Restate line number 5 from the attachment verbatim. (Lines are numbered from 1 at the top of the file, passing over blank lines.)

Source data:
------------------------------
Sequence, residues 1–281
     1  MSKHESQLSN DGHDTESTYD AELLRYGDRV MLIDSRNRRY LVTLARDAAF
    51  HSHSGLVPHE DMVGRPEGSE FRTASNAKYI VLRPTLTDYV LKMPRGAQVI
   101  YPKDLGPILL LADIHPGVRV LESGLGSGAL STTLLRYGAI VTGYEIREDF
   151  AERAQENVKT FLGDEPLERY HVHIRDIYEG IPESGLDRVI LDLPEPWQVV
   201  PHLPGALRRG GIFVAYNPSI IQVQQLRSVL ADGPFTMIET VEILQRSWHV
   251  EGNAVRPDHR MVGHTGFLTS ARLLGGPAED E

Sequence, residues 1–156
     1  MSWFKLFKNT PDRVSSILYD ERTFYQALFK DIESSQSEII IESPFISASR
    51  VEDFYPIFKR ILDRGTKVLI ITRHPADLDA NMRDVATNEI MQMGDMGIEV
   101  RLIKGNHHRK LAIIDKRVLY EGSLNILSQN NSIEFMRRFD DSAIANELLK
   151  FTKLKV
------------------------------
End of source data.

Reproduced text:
   151  AERAQENVKT FLGDEPLERY HVHIRDIYEG IPESGLDRVI LDLPEPWQVV